The Growth of Philosophic Radicalism

By Elie Halévy; Mary Morris | Go to book overview

CHAPTER I
ORIGINS AND PRINCIPLES

JEREMY BENTHAM was born in 1748, and the smallest events of his childhood show that the period was one of transition and of stress. His father had been a Jacobite, but had ultimately rallied to the Hanoverian dynasty.1 The women of his family were pious and superstitious, and he grew up in an atmosphere of ghost stories, and was tormented by diabolical visions.2 His father, however, had provided him with a French tutor who made him read Candide at the age of ten.3 The loose morality of the time and the weakening of religious faith, at any rate among the enlightened classes, were universally admitted and deplored.4 But this break-up of existing moral standards was really only hiding the birth of a new world. A new era was beginning for western society. In France, the 'century of Louis XIV' was coming to an end, the period which had opened with Descartes' 'Discourse on Method' and closed with the book by Voltaire which has named and immortalised it, the classical century, the century of law and order; while the century of the Revolution was signalled by the Esprit des Lois and by the first writings of Rousseau, the Romantic century, the century of an emancipation at once religious, intellectual and moral. In England Hume was publishing his Inquiry into the Human Understanding, and Hartley his Observations on Man. This was the beginning of the Utilitarian century, the century of the Industrial Revolution, of the economists and of the great inventors. The crisis had been brewing for fifty years: two names contemporaneous with the Revolution of 1688 symbolise the new era: -- ' Locke and Newton',

____________________
1
Bentham, Works, Bowring edition, vol. x. p. 2.
2
Bowring, vol. x. pp. 13, 19, 21.
3
Bowring, vol. x. p. 11.
4
On the critical nature of this period of history see especially Hartley Observations on Man, Conclusion.

-5-

Notes for this page

Add a new note
If you are trying to select text to create highlights or citations, remember that you must now click or tap on the first word, and then click or tap on the last word.
One moment ...
Default project is now your active project.
Project items

Items saved from this book

This book has been saved
Highlights (0)
Some of your highlights are legacy items.

Highlights saved before July 30, 2012 will not be displayed on their respective source pages.

You can easily re-create the highlights by opening the book page or article, selecting the text, and clicking “Highlight.”

Citations (0)
Some of your citations are legacy items.

Any citation created before July 30, 2012 will labeled as a “Cited page.” New citations will be saved as cited passages, pages or articles.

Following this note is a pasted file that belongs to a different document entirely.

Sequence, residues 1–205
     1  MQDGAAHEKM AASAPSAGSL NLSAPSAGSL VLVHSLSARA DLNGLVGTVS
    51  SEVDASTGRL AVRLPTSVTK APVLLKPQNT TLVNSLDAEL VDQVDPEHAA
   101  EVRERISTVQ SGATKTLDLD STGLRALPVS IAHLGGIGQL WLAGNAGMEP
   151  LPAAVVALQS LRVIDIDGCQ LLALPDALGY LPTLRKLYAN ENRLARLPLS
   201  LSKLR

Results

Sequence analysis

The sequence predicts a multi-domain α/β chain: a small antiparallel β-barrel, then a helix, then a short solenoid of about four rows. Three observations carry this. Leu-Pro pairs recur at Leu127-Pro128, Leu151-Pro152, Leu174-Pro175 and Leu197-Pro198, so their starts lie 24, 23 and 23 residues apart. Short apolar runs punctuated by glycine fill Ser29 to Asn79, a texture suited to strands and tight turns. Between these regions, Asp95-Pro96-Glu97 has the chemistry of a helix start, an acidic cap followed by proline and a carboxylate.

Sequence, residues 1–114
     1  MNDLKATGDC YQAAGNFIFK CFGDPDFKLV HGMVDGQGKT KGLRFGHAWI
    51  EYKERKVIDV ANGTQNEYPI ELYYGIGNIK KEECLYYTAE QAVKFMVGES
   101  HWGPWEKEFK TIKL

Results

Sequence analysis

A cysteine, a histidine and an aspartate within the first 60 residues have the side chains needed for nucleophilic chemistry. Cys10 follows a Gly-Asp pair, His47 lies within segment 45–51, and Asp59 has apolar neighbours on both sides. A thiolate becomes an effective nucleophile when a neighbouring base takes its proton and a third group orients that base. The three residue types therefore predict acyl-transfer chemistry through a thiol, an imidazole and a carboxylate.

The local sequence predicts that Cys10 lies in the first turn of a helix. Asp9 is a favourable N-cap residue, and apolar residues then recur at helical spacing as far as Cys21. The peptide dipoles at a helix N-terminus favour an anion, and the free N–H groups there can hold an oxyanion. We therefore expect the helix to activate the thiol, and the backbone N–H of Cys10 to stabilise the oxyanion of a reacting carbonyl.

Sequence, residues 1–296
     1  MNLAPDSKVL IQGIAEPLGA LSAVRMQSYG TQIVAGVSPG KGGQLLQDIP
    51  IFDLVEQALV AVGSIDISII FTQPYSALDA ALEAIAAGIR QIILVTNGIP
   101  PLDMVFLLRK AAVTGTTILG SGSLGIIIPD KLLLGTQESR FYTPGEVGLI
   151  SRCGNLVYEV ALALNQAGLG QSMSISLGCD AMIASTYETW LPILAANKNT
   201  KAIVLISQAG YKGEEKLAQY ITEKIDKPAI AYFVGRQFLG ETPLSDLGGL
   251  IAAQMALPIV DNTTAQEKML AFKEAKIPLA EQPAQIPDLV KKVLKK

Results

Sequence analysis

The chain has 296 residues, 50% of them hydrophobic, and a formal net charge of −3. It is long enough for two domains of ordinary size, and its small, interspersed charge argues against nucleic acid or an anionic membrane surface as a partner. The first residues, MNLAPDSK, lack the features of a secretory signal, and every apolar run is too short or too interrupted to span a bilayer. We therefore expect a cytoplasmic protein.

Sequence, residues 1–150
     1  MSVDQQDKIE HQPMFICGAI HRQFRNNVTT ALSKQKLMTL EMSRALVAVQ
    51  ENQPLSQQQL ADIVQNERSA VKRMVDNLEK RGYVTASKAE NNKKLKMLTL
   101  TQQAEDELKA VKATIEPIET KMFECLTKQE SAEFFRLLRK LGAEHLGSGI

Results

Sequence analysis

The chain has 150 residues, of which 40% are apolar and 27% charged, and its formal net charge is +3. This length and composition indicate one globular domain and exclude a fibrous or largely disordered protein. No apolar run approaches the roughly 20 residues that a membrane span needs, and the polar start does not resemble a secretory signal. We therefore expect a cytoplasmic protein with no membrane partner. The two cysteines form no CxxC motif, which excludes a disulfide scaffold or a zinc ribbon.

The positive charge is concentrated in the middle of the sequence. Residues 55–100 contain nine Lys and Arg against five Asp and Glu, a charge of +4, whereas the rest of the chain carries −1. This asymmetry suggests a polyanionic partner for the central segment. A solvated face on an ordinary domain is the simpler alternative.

We also added the ability to view new citations from your projects or the book or article where you created them.

Notes (0)
Bookmarks (0)

You have no saved items from this book

Project items include:
  • Saved book/article
  • Highlights
  • Quotes/citations
  • Notes
  • Bookmarks
Notes
Cite this page

Cited page

Style
Citations are available only to our active members.
Sign up now to cite pages or passages in MLA, APA and Chicago citation styles.

(Einhorn, 1992, p. 25)

(Einhorn 25)

1

1. Lois J. Einhorn, Abraham Lincoln, the Orator: Penetrating the Lincoln Legend (Westport, CT: Greenwood Press, 1992), 25, http://www.questia.com/read/27419298.

Cited page

Bookmark this page
The Growth of Philosophic Radicalism
Table of contents

Table of contents

Settings

Settings

Typeface
Text size Smaller Larger Reset View mode
Search within

Search within this book

Look up

Look up a word

  • Dictionary
  • Thesaurus
Please submit a word or phrase above.
Print this page

Print this page

Why can't I print more than one page at a time?

Full screen
/ 554

matching results for page

Cited passage

Style
Citations are available only to our active members.
Sign up now to cite pages or passages in MLA, APA and Chicago citation styles.

"Portraying himself as an honest, ordinary person helped Lincoln identify with his audiences." (Einhorn, 1992, p. 25).

"Portraying himself as an honest, ordinary person helped Lincoln identify with his audiences." (Einhorn 25)

"Portraying himself as an honest, ordinary person helped Lincoln identify with his audiences."1

1. Lois J. Einhorn, Abraham Lincoln, the Orator: Penetrating the Lincoln Legend (Westport, CT: Greenwood Press, 1992), 25, http://www.questia.com/read/27419298.

Cited passage

Welcome to the new Questia Reader

The Questia Reader has been updated to provide you with an even better online reading experience.  It is now 100% Responsive, which means you can read our books and articles on any sized device you wish.  All of your favorite tools like notes, highlights, and citations are still here, but the way you select text has been updated to be easier to use, especially on touchscreen devices.  Here's how:

1. Click or tap the first word you want to select.
2. Click or tap the last word you want to select.

OK, got it!

Thanks for trying Questia!

Please continue trying out our research tools, but please note, full functionality is available only to our active members.

Your work will be lost once you leave this Web page.

For full access in an ad-free environment, sign up now for a FREE, 1-day trial.

Already a member? Log in now.